Woyzeck, Gilded Balloon, Edinburgh Fringe 2014
Buchner’s fragmented tragedy of jealousy and madness is rightly regarded as an existentialist masterpiece. It’s
just not usually this funny. Splendid Productions confidently break down the bleak text, twisting it into a dark,
anarchic music hall act that’s equal parts Brecht and Monty Python. Seamlessly splicing physicality, wicked
asides and warm audience interaction, these three superb performers inject the show with wit, pathos and
tremendous energy. It’s hilarious and horrific, erotic and brutal, and the hairpin emotional shifts could easily feel
forced in less confident hands. Here though it’s never less than enthralling, held together with perfect timing,
self assured ad-libs and a spot-on chimpanzee impression. This is a powerful, unsettling experience and a
frankly brilliant performance.
Before the play begins the three actors (Scott Smith, Kerry Frampton & Jimmy Whiteaker) are playing for us and with us, offering jovial enticements to engage. Their games are declared, we are all in the same room, there is dialogue back and forth, Whiteaker picks up on a audience response and plays with it. I find myself cast as a doctor. We are in the world of theatrical clown.
The company proceeds through the show’s unknown and unknowable order with playful brutality, rich tones of character and a rhythm that feels like rough tree bark dripping with grease. They paint a sumptuous portrait of the power of command and emotional turmoil over the broken Woyzeck. These are delicious grotesques, the pair of Doctors perverted, Frampton’s Captain corpulent and putrescent, a hobbled and creaking Woyzeck captured by Smith. Technically joyful, with points of play and dialog lined with precise fixed points, tactile stillness amid the stylised play.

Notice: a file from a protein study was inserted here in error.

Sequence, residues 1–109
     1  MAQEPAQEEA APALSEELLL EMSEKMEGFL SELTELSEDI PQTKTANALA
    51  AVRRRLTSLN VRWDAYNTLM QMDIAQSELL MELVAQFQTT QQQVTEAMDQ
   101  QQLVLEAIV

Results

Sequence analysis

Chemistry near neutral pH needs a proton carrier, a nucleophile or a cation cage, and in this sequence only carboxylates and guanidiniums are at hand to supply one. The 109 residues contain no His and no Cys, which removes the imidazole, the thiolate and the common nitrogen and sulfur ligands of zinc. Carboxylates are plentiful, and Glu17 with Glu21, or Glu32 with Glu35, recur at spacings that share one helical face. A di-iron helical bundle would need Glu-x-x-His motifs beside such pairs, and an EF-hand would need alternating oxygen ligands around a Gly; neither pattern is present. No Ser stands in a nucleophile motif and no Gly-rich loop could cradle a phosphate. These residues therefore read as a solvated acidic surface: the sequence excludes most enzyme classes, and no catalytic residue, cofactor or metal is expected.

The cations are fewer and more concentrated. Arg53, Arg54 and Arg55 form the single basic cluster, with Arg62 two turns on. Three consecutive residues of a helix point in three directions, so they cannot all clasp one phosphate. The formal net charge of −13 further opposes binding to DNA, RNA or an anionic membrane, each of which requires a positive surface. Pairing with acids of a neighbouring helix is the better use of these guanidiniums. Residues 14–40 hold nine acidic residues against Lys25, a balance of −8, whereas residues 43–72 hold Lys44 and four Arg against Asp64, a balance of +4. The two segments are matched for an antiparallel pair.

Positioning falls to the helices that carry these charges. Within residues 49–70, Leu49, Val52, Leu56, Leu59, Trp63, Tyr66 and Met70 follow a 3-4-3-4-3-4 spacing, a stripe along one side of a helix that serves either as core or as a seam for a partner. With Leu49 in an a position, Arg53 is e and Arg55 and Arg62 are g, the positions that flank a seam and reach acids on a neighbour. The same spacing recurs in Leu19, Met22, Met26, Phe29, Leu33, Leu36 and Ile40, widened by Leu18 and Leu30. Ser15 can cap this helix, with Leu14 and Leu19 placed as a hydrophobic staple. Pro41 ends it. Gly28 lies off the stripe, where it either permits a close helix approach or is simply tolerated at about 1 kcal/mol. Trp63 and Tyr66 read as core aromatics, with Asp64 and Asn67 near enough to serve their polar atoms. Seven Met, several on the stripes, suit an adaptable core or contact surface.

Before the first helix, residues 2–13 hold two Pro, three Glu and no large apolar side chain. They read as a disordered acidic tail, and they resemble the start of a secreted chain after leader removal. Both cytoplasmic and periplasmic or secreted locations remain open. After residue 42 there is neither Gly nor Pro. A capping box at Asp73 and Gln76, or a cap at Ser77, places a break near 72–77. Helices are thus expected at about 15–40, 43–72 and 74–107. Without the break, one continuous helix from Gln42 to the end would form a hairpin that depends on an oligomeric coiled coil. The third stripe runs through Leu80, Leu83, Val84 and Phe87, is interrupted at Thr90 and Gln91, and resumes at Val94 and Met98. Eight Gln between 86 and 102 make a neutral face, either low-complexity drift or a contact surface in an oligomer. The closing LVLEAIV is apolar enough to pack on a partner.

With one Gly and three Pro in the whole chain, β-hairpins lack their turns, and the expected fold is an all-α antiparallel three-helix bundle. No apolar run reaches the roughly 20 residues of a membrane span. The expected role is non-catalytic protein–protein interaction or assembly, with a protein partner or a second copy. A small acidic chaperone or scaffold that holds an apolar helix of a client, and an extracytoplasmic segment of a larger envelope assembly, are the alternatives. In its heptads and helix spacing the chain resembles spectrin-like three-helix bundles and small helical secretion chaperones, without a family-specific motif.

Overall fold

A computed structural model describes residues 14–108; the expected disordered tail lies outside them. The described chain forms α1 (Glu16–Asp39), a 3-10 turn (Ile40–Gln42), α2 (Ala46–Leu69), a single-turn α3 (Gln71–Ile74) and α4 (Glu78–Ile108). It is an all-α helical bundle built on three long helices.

There is tenderness mixed with aggression, the world is bleak, devoid of hope, the crimes recurrent, the passions deep and sinuous. You get a sense of each performer’s personal voice, there is no bland style rather each brings to the stage their idiosyncratic personal energy. There is delicacy too in the scenes of Woyzeck and Marie, adding pathos to the biblical jealousy and calm ruination of the final scene.
There is pleasure behind every moment of this show and from this joy we see the sparks of destructive rage and annihilating authority.
In their rendering of Büchner’s unfinished text, Splendid Productions adopt a playful timbre that sees them skip between scenes, co-opt the audience as the rumour mongers, and gleefully demonstrate the mechanisms behind their skilful stagecraft: as Kerry Frampton gleefully cries ‘Scott’s started now, can’t you tell? There’s been a tonal shift!’
The ensemble’s familiarity with the spirit of clowning allows them to interact playfully with their audience, on whom they never dim the lights. There is never any doubt that the show is in good hands, and between the acerbic wit of the production and the delighted audience there is a clear investment from the company in giving the audience plenty of ideas to consider, but stopping short of telling them what to think. In his Pythonesque turn as the grandmother, Jimmy Whiteaker turns an unexpected burst of laughter from the audience into a jumping off point for further comic improvisation.
The direction by Mal Smith, Matt Wilde and Lucy Cuthbertson makes for a slick production, peppered with engaging details: foley-style sound effects, the almost mechanical eating of peas by Scott Smith’s Woyzeck, and the vividly realised caricatures of the Doctor and Captain performed by Frampton. Splendid Productions strike an energetic balance of playful and clever, with enough detail to keep you thinking well after the hour has passed.